Out West Arts: Performance at the end of the world

Opera, music, theater, and art in Los Angeles and beyond

More Government Now!

December 08, 2009

 
Technical rehearsal image from Achim Freyer's production of Götterdämmerung
Photo: Monika Rittershaus/LAO 2009

Of course the big opera news today was the $14 million loan approved by the Los Angeles County Board of Supervisors for Los Angeles Opera. As reported in the Los Angeles Times, the company’s chief operations officer made the request at today’s Board of Supervisors meeting stating that the company was in need of the loan to continue operations through the end of the current season. Surely this is not good news, though given the current economic climate for arts organizations, perhaps not entirely surprising. And certainly, as people like Lisa Hirsch have pointed out, it raises legitimate questions about how the organization got into this situation in the first place.

And while the need for such a loan should reasonably cause some concern, there’s part of me that thinks – so what? I mean shouldn’t the state be supporting the arts a little more than it does? It’s a common rejoinder amongst arts organizations and those who care about them in this country, that since art isn’t supported broadly by the state as it is many places in Europe, we Americans often have to accept what the lowest common denominator will allow. With large government subsides, the argument goes, European opera companies have more freedom to create what they will without the worry of always pleasing the masses. I don’t think American art is going to suffer from a little more well-deserved public support. Why are U.S. opera or arts organizations any better off for being dependent on the largess and taste of a small cadre of well-heeled donors than they are to be dependent on the support of the government? If anything, this $14 million loan for L.A. Opera, seems like a drop in the bucket compared to what opera companies outside of the U.S. see in direct funding on a regular basis. It’s about time someone stepped up to the plate here as well, and the L.A. County Board of Supervisors should be lauded for taking the necessary steps to ensure L.A. Opera’s current season moves forward. I for one certainly will not regret voting for Zev Yaroslavsky the next time his name comes around on the ballot.

L.A. Opera has not chosen to take the easy or careful road in all of this. Opera companies throughout the U.S. have been playing it safer and safer, cutting productions and placing what’s left so squarely in the middle-of-the-road that there’s little new or exciting to talk about in the opera world in America right now. L.A. Opera is one of the few companies left in the country that has forged ahead with a unique and clearly independent vision. It may not be to everyone’s taste, and it may not always be successful. But their new Achim Freyer-directed Ring cycle is definitely not like anything else around. And while this may not have been the most advantageous decision considering the state of the company’s coffers to date, it has been unquestionably the right artistic decision to make as L.A. Opera continues with what has easily been the most worthwhile current opera season so far of any company in the U.S. I hope that the company’s financial problems are resolved for the better. But, even if they aren’t, at least the company has carried on for the better cause. For it is undoubtedly better to go out with a bang, not a whimper.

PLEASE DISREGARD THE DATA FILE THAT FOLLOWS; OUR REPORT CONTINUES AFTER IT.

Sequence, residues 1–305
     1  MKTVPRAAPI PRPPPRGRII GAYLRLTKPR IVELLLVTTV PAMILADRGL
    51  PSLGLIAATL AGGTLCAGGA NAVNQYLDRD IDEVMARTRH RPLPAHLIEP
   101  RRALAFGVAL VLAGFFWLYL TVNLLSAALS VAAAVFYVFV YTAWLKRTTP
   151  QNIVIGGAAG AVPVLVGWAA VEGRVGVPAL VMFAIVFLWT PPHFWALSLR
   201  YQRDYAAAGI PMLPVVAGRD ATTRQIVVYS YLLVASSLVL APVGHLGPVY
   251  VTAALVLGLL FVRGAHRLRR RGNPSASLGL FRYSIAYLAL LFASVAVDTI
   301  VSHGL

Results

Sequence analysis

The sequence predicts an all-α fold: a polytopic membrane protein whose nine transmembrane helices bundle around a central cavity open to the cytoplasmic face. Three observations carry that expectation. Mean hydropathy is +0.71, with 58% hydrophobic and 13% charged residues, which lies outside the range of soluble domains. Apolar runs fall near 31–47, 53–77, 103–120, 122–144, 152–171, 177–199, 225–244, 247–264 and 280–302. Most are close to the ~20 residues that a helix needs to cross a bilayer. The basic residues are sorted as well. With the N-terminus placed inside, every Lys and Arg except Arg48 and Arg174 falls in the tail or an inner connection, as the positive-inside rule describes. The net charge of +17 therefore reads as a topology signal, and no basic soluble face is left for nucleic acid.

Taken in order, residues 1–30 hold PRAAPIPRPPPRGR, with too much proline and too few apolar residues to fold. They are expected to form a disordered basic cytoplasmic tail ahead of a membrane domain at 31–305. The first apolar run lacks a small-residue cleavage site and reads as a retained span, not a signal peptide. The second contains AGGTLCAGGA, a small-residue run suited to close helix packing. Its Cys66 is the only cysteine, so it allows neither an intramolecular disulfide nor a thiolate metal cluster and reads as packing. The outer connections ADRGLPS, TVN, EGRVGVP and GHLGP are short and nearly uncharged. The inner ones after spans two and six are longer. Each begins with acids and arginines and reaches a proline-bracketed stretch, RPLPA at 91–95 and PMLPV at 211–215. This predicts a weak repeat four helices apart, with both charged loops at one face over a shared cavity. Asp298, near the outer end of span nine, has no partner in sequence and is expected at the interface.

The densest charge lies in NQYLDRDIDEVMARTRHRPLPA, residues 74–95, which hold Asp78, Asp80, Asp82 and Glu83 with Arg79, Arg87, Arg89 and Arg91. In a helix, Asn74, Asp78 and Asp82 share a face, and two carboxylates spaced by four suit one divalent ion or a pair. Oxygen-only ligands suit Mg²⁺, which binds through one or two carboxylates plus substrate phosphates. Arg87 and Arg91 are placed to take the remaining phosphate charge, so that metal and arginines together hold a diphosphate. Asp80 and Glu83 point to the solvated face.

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Comments:

Well said, Brian. While the season to the north was better than could have been anticpated, the "interesting and challenging" opera company on the West Coast now resides in the Dorothy Chandler. I'm ooking for forward to Gotterdammerung and the The Stigmatized in April.
I'm afraid I disagree with the Europe comparison. Ever since moving back to Europe, I miss the high artistic standards of American opera houses; said standards are certainly lower in Belgium and Germany, and I think that might have to do with the fact that the artistic administration has no accountability towards the audience - quite often a recipe for lowest common denominator. American opera houses generally have longer rehearsal periods, and I don't think this is a coincidence. I will, on the other hand, concede that programming is much more conservative in the US, as the taking of artistic risks could have financial repercussions that European companies are somewhat immune to.

Having said the above, financial distress at LA Opera is upsetting, as indeed the company has done some very interesting things recently, especially the recovered voices program.
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